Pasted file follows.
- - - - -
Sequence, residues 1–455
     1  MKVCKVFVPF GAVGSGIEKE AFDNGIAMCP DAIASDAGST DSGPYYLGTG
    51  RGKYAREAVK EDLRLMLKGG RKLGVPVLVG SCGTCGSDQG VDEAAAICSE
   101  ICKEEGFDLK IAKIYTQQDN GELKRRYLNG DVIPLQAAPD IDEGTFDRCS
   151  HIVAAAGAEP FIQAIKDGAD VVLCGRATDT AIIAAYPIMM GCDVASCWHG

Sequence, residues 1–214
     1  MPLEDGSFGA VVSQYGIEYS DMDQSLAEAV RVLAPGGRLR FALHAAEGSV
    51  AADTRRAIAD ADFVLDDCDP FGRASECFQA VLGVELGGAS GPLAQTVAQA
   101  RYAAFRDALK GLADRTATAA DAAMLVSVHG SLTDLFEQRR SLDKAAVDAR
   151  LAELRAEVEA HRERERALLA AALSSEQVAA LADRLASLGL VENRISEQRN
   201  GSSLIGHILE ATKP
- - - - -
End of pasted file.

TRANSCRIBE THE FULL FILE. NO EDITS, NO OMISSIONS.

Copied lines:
Sequence, residues 1–455
     1  MKVCKVFVPF GAVGSGIEKE AFDNGIAMCP DAIASDAGST DSGPYYLGTG
    51  RGKYAREAVK EDLRLMLKGG RKLGVPVLVG SCGTCGSDQG VDEAAAICSE
   101  ICKEEGFDLK IAKIYTQQDN GELKRRYLNG DVIPLQAAPD IDEGTFDRCS
   151  HIVAAAGAEP FIQAIKDGAD VVLCGRATDT AIIAAYPIMM GCDVASCWHG

Sequence, residues 1–214
     1  MPLEDGSFGA VVSQYGIEYS DMDQSLAEAV RVLAPGGRLR FALHAAEGSV
    51  AADTRRAIAD ADFVLDDCDP FGRASECFQA VLGVELGGAS GPLAQTVAQA
   101  RYAAFRDALK GLADRTATAA DAAMLVSVHG SLTDLFEQRR SLDKAAVDAR
   151  LAELRAEVEA HRERERALLA AALSSEQVAA LADRLASLGL VENRISEQRN
   201  GSSLIGHILE ATKP